Some pointers for developers trying to introduce automated testing

Filed under #testing and #softwareengineering

In a discussion about Kent Becks post Test Desiderata someone asked when they are inexperienced in software testing but still the only one on the team that care about writing tests. I answered it briefly on my way to work yesterday but I'll try to clean it up a bit and add it below as it seemed useful.

But first: if you are at all interested in testing and haven't read Test Desiderata yet, read it. Kent Beck is famous in the field of software development and for good reason!

That said, here is what I wrote, expanded and edited somewhat. The context is still someone who tries to write tests while nobody else cares:

Testing is primarily a tool

Always remember, and particularly if you are alone fighting a good fight to improve quality: if nobody has told you to test and what tests to write then they are just a tool to help you.

I think I was lucky when I was introduced to testing as the guy who introduced our team to it presented it as a tool to reduce boredoom and busywork instead of as a “best practice” that should ideally be followed to be nice.

In his words (as best as I can recall them, and with apologies if it turns out he quoted someone else):

Only software developers launch the entire space shuttle every time they want to test a small change they've made.

Every other engineering discipline uses a test bench or text fixture.

  • Glenn Richard Bech, sometime in 2007 or 2008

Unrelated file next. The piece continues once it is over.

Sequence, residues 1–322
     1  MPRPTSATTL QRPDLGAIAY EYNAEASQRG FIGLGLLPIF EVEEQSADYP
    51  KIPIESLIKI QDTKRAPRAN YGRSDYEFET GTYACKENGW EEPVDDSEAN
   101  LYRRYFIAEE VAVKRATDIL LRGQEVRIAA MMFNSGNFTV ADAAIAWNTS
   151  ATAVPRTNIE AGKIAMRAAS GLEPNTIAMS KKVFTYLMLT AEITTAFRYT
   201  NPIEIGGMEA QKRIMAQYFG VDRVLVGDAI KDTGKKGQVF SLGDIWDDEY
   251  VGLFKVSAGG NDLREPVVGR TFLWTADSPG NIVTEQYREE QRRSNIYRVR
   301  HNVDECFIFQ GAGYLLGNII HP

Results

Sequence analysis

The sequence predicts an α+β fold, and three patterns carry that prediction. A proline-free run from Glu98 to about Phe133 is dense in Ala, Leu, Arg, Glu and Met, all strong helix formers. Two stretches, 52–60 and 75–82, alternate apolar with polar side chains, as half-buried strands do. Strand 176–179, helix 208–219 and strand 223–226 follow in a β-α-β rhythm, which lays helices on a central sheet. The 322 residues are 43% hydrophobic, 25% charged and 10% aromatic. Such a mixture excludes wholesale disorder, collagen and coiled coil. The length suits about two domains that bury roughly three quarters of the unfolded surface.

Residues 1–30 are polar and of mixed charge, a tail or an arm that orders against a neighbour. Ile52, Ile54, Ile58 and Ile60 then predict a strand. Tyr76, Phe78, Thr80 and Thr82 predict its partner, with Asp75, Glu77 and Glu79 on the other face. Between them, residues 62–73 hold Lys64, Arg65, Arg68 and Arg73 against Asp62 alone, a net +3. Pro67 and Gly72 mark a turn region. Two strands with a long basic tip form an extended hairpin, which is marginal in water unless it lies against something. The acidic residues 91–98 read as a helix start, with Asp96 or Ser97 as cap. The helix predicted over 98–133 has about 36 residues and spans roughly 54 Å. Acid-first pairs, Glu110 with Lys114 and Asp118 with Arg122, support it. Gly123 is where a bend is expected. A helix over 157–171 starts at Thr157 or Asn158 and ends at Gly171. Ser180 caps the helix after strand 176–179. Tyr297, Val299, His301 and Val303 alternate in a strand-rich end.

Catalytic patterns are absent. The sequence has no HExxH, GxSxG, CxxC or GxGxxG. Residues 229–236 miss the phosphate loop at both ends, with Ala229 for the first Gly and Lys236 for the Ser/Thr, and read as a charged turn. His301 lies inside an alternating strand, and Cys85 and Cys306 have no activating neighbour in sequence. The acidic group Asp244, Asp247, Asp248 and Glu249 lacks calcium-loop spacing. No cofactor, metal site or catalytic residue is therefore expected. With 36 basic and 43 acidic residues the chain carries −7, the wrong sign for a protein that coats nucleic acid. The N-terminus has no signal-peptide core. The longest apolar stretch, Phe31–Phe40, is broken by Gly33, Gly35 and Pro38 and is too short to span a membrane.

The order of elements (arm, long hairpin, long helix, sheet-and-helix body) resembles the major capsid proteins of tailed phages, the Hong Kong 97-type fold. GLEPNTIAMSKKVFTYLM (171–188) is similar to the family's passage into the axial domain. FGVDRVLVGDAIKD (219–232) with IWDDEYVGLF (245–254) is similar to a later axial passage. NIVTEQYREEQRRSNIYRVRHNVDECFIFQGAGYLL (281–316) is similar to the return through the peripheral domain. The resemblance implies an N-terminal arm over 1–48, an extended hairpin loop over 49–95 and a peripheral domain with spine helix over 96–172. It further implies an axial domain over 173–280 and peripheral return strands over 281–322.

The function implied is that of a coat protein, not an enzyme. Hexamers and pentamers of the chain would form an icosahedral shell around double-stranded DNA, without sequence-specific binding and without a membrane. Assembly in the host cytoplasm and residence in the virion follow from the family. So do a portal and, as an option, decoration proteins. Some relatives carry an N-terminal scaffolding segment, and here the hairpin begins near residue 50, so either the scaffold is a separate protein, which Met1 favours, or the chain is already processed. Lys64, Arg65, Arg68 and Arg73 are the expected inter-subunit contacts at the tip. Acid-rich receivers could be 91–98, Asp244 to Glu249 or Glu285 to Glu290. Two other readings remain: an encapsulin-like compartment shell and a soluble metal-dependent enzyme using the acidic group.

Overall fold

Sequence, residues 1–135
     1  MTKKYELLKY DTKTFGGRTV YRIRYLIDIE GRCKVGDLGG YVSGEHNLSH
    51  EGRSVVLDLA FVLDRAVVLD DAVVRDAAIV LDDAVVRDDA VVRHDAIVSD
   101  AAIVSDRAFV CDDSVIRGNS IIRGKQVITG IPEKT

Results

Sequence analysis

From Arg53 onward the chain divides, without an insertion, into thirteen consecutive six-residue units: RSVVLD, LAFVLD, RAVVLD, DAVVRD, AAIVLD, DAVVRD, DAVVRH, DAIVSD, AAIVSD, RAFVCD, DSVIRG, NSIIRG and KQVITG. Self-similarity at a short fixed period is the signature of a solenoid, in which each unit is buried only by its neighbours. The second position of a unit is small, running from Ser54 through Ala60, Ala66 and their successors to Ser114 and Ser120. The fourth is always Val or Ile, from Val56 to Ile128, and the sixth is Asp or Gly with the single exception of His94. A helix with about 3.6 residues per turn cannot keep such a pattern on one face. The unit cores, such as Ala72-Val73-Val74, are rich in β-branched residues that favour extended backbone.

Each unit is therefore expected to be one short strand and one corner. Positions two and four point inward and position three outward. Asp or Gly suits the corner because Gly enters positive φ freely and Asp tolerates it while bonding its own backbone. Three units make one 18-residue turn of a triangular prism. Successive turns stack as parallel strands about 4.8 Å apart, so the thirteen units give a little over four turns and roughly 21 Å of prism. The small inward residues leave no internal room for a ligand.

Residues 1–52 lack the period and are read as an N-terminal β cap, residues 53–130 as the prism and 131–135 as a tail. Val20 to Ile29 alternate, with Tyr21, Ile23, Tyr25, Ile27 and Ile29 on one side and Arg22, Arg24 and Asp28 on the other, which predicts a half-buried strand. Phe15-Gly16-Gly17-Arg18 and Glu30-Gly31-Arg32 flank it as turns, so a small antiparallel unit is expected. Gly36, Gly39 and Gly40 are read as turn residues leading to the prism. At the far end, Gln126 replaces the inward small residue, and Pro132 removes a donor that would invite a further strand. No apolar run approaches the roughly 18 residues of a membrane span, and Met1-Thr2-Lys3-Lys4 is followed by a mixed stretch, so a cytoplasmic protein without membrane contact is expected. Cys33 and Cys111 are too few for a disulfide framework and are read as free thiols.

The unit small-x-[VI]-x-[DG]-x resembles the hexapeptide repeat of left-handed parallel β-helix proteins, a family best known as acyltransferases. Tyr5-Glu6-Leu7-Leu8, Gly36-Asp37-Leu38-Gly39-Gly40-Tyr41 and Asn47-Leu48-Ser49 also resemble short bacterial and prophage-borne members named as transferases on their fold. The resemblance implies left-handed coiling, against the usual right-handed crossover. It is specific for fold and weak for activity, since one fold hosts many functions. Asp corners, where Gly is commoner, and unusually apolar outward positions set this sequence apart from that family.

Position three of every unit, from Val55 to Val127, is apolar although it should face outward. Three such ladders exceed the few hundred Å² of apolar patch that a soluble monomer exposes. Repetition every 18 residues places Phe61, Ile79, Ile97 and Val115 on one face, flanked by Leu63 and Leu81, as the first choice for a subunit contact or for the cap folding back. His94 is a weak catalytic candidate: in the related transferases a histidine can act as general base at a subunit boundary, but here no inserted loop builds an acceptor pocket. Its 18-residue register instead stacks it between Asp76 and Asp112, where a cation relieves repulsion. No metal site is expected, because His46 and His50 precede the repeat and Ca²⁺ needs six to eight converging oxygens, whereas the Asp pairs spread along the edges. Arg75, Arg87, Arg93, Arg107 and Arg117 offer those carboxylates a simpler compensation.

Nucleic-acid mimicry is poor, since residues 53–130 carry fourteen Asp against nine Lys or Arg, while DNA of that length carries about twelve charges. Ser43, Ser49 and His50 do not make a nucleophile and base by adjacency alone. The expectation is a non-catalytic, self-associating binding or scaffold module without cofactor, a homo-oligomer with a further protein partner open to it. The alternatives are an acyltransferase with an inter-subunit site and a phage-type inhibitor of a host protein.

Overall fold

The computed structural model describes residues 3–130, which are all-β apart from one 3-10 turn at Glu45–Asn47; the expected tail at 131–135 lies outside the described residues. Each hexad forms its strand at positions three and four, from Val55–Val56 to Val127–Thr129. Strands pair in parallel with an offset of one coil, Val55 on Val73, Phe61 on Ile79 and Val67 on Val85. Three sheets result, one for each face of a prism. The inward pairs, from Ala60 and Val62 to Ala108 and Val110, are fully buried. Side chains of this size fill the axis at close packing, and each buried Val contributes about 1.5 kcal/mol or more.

He then went to prove how we could often save time by testing our new features automatically in 15 seconds flat or something like that instead of having to wait forma full server restart that could easily take 2 minutes just to get to the point where we could start manually verifying our changes.

Start small

A complex system that works is invariably found to have evolved from a simple system that worked. A complex system designed from scratch never works and cannot be patched up to make it work. You have to start over, beginning with a working simple system. John Gall

This law holds true for testing as well.

(And if you can keep things simple while expanding it to cover all needs – all the better!)

When planning, look for tests that will speed up your work right now

I often find that adding a minimal test suite will speed up my work significantly.

By starting with those tests you will be building confidence for yourself and goodwill for your work. After all no reasonable boss will get angry with someone who is successfully working to do their work faster and more effectively.

Getting upset if they feel someone is spending time on unnecessary busywork however would be understandable.

Don't care about overall coverage, only that what you are working on now is reasonably tested

Stay with your work. Don't switch context just to improve some statistics.

In addition to the context switches, it also creates noise.

Observe and make at least a mental note when the tests are help you

Your tests can work as both a

If some advice you get doesn't make sense and you can ignore it, do that after trying to understand what it should help for

Don't waste time just because someone says something is a good idea. In keeping with the ideas above keep your tests lean and focused on value add and removal of tedious work instead of focusing on doing it “right”.

So much time is wasted every day in discussions both in teams – but also inside peoples minds – about the correct way to do things. Just don't be so open minded your brain falls out.

(And for anyone working in a team: most of the time, stick with the rules.)

Michael Feathers book “Working Effectively with Legacy Code” might come in handy at some point

If you work late with legacy code this book might help you. If you don't have time can however probably manage without as well 😏:

A couple of months in the laboratory can frequently save a couple of hours in the library.

Frank Westheimer